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Notes From A Peaceful Revolution: Insane Clown Posse at Sonar, Dec. 6

December 7, 2009
By

| Image by Josh Sisk

If not a revolution, then at least a movement. The Juggalo “family,” fans of the Insane Clown Posse but much more, has the sort of unity and allegiance that doesn’t exist elsewhere in music. You’d be pressed to call it an aesthetic movement—there is something political and social to it, even if “it” doesn’t know it yet. Whether that’s about class, ideology, or religion, no matter—it exists, and it almost filled up Sonar last night. Some observations:

  • Juggalos, many of them anyhow, seem to really not like the opener, Hed(pe), which is a big, anthemic rap-metal band with paint-stripping breakdowns, despite said band sporting evil-clown face paint. Its last song is recognizable from a ’90s freestyle skiing video. Basically a cast-off/has-been of the Limp Bizcuit era, Hed(pe) seems to have gotten a defib shock from ICP in getting called up to open this tour.
  • Every Juggalo outside is willing and eager to bum out cigarettes, but absolutely all of them smoke menthols.
  • ICP songs are based on hooky choruses and not much else. Raps are monotone, and the rest of the production seems to be ragged bass, though its loud enough in Sonar that some of the finer points could have been drowned out.
  • There is a corner/edge of the room occupied by respected Baltimore music heads, including Dan Deacon and folks from bands such as Ponytail, Nautical Almanac, and Oak. At least a few are ecstatic.
  • It can’t be stressed enough how much soda is flying around Sonar. It’s one two-liter after another—shaken, sprayed, and tossed out in the crowd to be sprayed some more. It’s all diet Faygo root beer, which, by the end, you can smell strongly. It gets more and more intense, and everyone in the crowd is soaked in it, the band is soaked in it, the band’s evil dancing clown sidekicks are soaked in it, Ape Boy is soaked in it, Many Face is soaked in it. As people leave, they pose for photos holding armloads of empty bottles. An empty club reveals puddles/ponds of the stuff all over the floor, mixed with g-d-knows-what, and looking like thin diarrhea. And there are islands in the puddles, too, made of collapsed and disintegrated ceiling panels: maybe four or five of them collapsed during the show.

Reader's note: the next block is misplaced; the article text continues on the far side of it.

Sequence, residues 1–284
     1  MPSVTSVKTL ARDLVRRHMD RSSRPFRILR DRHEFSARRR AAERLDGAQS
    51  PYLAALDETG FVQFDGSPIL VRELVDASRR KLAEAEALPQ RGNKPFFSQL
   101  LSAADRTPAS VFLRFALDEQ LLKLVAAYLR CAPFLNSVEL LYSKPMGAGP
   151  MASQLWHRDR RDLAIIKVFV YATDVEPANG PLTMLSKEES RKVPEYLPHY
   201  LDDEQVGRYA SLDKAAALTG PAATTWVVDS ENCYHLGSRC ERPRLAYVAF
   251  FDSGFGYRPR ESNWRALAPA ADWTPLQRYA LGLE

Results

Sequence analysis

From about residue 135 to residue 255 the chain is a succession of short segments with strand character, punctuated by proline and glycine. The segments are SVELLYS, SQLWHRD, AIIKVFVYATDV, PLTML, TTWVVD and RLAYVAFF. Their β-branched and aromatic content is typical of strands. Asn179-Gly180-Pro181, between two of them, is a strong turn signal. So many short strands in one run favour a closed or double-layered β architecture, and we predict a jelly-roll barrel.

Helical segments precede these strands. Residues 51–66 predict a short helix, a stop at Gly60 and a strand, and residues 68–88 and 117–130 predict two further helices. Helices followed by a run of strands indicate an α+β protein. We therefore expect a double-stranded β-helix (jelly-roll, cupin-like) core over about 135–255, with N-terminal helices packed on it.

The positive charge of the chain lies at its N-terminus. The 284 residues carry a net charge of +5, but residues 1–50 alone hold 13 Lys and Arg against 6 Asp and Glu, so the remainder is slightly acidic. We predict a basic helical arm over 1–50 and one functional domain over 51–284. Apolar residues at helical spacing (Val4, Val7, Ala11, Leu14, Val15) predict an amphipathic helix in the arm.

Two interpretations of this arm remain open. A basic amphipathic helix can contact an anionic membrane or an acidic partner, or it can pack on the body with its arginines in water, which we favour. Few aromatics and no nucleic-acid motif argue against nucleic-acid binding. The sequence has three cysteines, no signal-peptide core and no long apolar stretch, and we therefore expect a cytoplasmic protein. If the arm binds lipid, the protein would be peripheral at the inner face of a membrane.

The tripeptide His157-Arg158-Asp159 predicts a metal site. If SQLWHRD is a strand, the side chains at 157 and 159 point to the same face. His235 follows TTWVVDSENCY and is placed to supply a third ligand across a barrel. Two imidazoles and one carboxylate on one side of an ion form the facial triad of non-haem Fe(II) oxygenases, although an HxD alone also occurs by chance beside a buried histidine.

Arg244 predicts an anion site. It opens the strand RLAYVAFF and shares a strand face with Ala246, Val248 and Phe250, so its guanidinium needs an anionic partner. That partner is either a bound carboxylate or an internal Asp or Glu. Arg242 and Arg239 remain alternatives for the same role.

• Metal fans are typically what I consider the friendliest fan group out there, but they’ve got nothing on Juggalos. Nothing.
  • Most people don’t have their face painted, and the crowd really just looks like an average crowd that would attend, say, a Limp Bizcuit show.
  • There’s a stack of City Papers by the door that look like everyone at the show, all 1,050 of them, peed on it.
  • ICP and Juggalos hate rednecks/trailer park people, bigots, and child molesters. To wit, “And within 20 minutes, here comes a fucking doctor/ Knocking on my door, a pedophile butt-knocker/ ‘Come in, have a seat,’/ and then I stroll in/ With the all-purpose hunting blade straight up his colon/ I cut his hands off, he ain’t touching nobody/ Chain him up by the foot in the basement, bloody.” As the band performs the song, “To Catch A Predator” (off this fall’s Bang! Pow! Boom!), it’s being acted-out on stage by two obviously of-age women dressed sexily, and the doctor in question is dressed kind of like a hipster. The representation is confusing. Also, the chorus to the song is “I’m prob’ly gonna burn for this/ Ain’t no lesson to learn from this/ There’s nothing Imma earn/ But it sure is fun.”
  • I’m immediately picked out of the crowd outside as someone with “those photographers,” which is somewhat true, and asked not to use his picture in anything in the newspaper. And as the photographers hunt around said crowd (including at least one Juggalo toddler, already an ICP concert veteran, it’s explained), chants of “family! family!” erupt.
  • I manage to accost two member’s of ICP’s road crew after the show, asking basically, “What is this like week after week?” One replies that he doesn’t want to get fired, but allows that it’s weird to be touring with “the most hated band in America.” The other, a clean-cut pro-looking fellow, responds enthusiastically that Shaggy 2 Dope and Violent J and really nice guys and he’s been doing this since six Gatherings ago.
  • By the end of the show, the room is so humid and sticky with sweat, every surface is weeping with some kind of yucky condensation.
  • There are two semi trucks in front of Sonar, painted up with ICP graphics. One, I’m told, is dedicated to soda. Every performance requires two pallets of Faygo soda, more than 800 bottles.

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